4. Industrial Kawerau: Kawerau is home to one of New Zealand’s largest industrial parks, which houses a range of businesses in the pulp and paper, forestry, manufacturing, and energy sectors. The industrial sector is a significant contributor to the regional economy, providing employment opportunities and generating export revenue.

The Regions Main Economic Development Projects

The Eastern Bay of Plenty is undergoing several economic development projects that will enhance its economic growth and create more job opportunities for its residents. Here are some of the most significant projects in the region:

Opotiki’s Harbor Development and Mussel Farm

Opotiki is located on the eastern coast of the Bay of Plenty, and its harbor is an essential gateway for aquaculture and horticulture exports. The Opotiki Harbor Development project aims to improve the harbor’s infrastructure, making it more efficient and safer for larger vessels to dock. The project is expected to boost the region’s aquaculture industry, which is a significant contributor to the region’s economy. Additionally, the Opotiki mussel farm project, is a multi-million-dollar initiative that will provide employment opportunities and boost the region’s mussel production capacity.

Kawerau’s Pūtauaki Industrial Development and Inland Port

Kawerau is centered around the industrial sector. The Pūtauaki Industrial Development project aims to expand the town’s industrial capacity and create more job opportunities for its residents. The project includes the development of a new industrial precinct with modern infrastructure and the expansion of the Kawerau rail line to accommodate the increased freight traffic. The project will also create a new inland port, which will provide a more cost-effective and sustainable transportation option for the region’s goods.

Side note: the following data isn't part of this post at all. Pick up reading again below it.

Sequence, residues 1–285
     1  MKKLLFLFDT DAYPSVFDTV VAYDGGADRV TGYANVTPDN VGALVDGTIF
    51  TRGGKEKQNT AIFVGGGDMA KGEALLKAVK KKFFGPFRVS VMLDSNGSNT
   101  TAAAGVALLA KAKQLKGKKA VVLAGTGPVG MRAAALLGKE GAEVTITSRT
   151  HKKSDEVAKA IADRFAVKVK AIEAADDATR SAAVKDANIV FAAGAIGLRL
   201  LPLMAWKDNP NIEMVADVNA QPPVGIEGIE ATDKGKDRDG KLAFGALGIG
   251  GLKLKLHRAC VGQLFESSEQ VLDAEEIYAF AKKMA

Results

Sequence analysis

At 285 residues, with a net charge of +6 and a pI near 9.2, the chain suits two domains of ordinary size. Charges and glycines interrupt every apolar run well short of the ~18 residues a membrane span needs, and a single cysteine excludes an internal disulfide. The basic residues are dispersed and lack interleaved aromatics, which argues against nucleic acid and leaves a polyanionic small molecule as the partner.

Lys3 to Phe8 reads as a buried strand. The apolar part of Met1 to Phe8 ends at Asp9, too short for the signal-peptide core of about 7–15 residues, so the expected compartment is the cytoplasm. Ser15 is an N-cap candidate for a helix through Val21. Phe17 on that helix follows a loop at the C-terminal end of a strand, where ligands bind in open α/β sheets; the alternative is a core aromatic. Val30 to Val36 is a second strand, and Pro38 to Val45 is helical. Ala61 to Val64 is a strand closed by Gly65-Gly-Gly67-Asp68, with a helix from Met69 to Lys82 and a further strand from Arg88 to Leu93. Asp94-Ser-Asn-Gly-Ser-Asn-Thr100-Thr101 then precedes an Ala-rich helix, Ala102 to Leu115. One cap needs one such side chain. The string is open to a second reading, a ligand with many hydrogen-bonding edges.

Whakatane’s Whakatāne Boat Harbour and Town Center Redevelopment

Whakatāne is the largest town in the Eastern Bay of Plenty and a popular tourist destination. The Whakatāne Boat Harbour and Town Center Redevelopment project aims to enhance the town’s tourist appeal by creating a modern and attractive waterfront area. The project includes the redevelopment of the existing boat harbor, creating a new public space with restaurants, cafes, and shops. The project will also include the development of new accommodation options, including hotels and apartments, to cater to the growing tourist industry. The town center redevelopment project will enhance the town’s streetscape, providing better access and more parking options, and creating an attractive and welcoming environment for visitors and locals alike.

Economic Development Opportunities for Business and Migrants

The Eastern Bay of Plenty offers numerous opportunities for business development and investment across a range of sectors. The region is particularly attractive for those looking to establish businesses in the primary industries, such as horticulture, aquaculture, and forestry, which are well-established and flourishing in the region.

In addition, the region has significant potential for businesses involved in tourism, particularly adventure tourism and eco-tourism, given the stunning natural environment of the region. There are also opportunities in the service industry, such as hospitality and retail, due to the increasing number of tourists and the growing population of the region.

For migrants looking to settle in the region, there are many opportunities for employment and entrepreneurship. The region offers a welcoming and supportive environment for new arrivals, with various resources available to assist with settling in, such as support for finding employment, housing, and language training.

Furthermore, the region’s economic development agency, ToiEDA and the local councils provides support to businesses and investors

The main regional economic development partners

The Eastern Bay of Plenty region has several key economic development partners that work collaboratively to support and grow the local economy. These include the Opotiki District Council, Whakatāne District Council, Kawerau District Council, ToiEDA, the region’s economic development agency, and the region’s Iwi.

ToiEDA plays a central role in economic development in the region, working closely with local councils and businesses to identify opportunities for growth and investment. The agency provides support and advice to businesses and entrepreneurs, and also facilitates partnerships between local businesses and larger national and international firms.

In addition to ToiEDA, the three district councils each play a key role in promoting economic growth in their respective areas. The councils work closely with local businesses and community organizations to support entrepreneurship and innovation, and also invest in infrastructure projects and other initiatives that help to attract investment and create jobs.

Contact ToiEDA

info@toi-eda.co.nz
+64 7 922 3316